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Book reviews for "Spears,_Sally" sorted by average review score:

Call Sign Revlon: The Life and Death of Navy Fighter Pilot Kara Hultgreen
Published in Hardcover by United States Naval Inst. (1998)
Author: Sally Spears
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A well-written book beyond the controversy...
That the death of Navy Lt. Kara Hultgren has caused and will continue to cause controversy is without doubt...see several of the reviews on this web page. "Call Sign Revlon" has its own opinion, which many will doubtless disagree with, but considering that it's written by the mother of the deceased, it is an astonishingly even-handed account of the life and death of the Navy's first female fleet fighter pilot. Ms. Spears doesn't attempt to whitewash her daughter's life, presenting her warts and all, including many clearly unexpurgated letters. Ms. Spears has been trained as a journalist, and it shows; she makes her argument early, clearly, and rationally. Indeed, after Kara leaves for college, the author rarely makes an appearance in the story at all. She chooses instead to focus on her daughter's Navy life, which is, after all, the crux of the story. The story reads like an expanded article of the sort one might find in "Newsweek" for example. Of course, when her involvement in the story is called for, it's even more powerful, as when she describes holding and weeping over Kara's helmet and flight jacket, recovered from the wreck of her Tomcat. Her "reconstruction" of the last minutes of her daughter's life is moving, technically accurate, and must have been absolutely heartbreaking to write. In all, this is an excellent piece of journalism. Highly reccommended for someone looking for a personal perspective on the "women in combat" debate.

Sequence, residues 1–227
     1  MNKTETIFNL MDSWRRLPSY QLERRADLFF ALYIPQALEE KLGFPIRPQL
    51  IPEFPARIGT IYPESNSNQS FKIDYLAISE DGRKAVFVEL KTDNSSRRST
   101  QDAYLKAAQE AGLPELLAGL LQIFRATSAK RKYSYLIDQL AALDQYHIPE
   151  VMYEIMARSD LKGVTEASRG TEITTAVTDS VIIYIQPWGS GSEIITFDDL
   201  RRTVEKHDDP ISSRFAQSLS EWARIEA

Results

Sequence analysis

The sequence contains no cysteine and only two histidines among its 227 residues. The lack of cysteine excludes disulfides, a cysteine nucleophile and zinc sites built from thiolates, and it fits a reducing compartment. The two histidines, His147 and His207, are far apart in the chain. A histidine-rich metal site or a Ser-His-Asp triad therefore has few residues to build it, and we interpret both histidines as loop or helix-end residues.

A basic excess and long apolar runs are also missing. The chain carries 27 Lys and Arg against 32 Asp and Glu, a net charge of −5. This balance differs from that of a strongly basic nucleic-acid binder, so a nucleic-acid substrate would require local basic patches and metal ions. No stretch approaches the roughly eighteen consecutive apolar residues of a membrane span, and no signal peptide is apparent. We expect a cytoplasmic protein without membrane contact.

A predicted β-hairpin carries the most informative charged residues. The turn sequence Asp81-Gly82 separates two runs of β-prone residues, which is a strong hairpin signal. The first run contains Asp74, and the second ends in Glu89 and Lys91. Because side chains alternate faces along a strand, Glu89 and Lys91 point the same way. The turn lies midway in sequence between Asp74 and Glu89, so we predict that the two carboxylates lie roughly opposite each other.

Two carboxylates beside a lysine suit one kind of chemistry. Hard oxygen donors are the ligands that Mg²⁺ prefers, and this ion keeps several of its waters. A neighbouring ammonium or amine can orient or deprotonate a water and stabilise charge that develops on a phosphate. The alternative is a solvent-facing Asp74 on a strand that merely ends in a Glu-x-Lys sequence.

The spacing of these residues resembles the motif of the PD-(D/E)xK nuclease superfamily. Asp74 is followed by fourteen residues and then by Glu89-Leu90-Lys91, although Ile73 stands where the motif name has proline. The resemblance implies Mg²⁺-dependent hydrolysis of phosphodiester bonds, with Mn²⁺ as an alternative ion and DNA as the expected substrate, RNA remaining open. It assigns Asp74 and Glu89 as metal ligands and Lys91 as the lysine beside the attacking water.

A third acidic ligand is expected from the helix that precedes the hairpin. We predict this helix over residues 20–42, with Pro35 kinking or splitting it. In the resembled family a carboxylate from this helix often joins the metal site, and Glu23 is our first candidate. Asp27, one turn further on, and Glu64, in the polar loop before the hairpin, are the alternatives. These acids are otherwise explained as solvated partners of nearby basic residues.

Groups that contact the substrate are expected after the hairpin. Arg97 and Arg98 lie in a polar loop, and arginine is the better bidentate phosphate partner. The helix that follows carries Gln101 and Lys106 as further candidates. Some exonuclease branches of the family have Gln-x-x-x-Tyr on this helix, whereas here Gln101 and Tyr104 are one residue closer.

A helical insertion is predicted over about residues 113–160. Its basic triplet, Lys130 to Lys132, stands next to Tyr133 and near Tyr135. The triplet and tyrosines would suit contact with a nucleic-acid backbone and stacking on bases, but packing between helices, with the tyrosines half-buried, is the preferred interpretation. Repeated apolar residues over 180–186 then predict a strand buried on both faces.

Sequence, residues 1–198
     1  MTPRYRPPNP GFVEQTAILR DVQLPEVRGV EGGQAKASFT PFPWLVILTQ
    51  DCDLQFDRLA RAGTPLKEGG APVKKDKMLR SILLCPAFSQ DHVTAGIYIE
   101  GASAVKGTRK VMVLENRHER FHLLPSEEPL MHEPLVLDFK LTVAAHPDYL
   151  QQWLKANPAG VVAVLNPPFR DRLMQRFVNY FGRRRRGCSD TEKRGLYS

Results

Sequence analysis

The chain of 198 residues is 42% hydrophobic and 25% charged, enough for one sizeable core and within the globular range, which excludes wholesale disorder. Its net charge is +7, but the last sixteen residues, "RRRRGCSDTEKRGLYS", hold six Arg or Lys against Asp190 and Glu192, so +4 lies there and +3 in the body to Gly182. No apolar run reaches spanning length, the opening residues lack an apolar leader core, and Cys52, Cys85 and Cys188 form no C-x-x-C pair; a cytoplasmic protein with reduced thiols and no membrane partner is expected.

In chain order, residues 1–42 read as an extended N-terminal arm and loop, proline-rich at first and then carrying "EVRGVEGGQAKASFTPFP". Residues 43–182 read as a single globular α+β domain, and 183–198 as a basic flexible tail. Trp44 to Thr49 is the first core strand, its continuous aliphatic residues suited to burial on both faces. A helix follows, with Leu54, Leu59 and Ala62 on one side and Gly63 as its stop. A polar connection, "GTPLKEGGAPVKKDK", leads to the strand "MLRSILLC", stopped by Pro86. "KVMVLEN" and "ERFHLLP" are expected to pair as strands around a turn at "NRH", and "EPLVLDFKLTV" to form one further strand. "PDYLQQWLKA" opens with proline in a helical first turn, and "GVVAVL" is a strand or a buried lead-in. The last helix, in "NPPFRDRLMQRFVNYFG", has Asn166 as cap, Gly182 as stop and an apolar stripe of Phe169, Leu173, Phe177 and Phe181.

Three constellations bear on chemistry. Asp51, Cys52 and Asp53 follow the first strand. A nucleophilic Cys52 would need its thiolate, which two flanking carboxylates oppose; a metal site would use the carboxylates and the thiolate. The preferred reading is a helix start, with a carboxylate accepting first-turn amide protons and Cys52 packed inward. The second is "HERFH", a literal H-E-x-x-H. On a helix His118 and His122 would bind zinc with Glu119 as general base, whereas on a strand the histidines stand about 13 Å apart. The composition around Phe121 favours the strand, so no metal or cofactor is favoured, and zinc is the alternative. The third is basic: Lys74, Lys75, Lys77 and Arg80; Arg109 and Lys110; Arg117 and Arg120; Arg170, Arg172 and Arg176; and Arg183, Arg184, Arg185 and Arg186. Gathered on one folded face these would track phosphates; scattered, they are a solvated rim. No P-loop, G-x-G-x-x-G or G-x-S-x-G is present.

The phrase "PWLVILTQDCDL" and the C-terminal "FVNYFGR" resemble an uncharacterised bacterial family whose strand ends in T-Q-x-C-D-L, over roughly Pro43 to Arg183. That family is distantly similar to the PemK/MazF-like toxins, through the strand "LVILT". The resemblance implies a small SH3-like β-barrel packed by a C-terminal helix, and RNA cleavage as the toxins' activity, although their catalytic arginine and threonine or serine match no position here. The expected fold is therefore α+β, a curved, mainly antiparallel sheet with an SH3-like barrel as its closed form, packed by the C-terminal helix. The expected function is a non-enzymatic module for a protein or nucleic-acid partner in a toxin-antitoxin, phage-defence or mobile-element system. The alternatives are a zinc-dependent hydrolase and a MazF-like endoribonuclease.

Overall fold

good picture of common struggles in Naval Aviation
I don't know any of the individuals in this book, but I've been in the Navy long enough to recognize all the types and to confirm the descriptions of many of the settings here. Sally Spears did a good job of researching and writing this book, and she was more objective than I'd expect a mother to be. It's easy to see Kara brought on a lot of her own problems, but I understand the reasons for her behavior. Because of our different personalities, I wonder whether I would have liked her as a fellow officer.

I have the greatest admiration for this first generation of female fighter pilots. Being a woman in the man's world of naval aviation is tough. (I know that from my experiences, described in "Navy Greenshirt: A Leader Made, Not Born.") And fighter pilots are tough on each other. To take on that double challenge and succeed in this harsh environment requires a woman with extraordinary guts and determination. Those who haven't experienced the emotional pressure can't comprehend it.

As for whether Kara got special treatment, people seem to forget the pilots who trained these "tokens" are ordinary naval aviators (and men), and I have to believe they wouldn't give false grades because of command pressure. It they did, they don't deserve to be commissioned officers. Kara did get special negative treatment. Releasing a mishap investigation to the public, as someone released hers, would normally be a court martial offense.

Enjoyed reading this book very much!
Beyond the crash that took LT Hultgreen's life. I liked walking away after reading this book thinking to myself "if I only had the focus and a dream early in my life like she did, there's no telling where I could have gone in life". I did serve in the Navy with LT Hultgreen at NAS Key West for 2 years(90-92)and remember her very well. She was and remains to be an inspiration to me.

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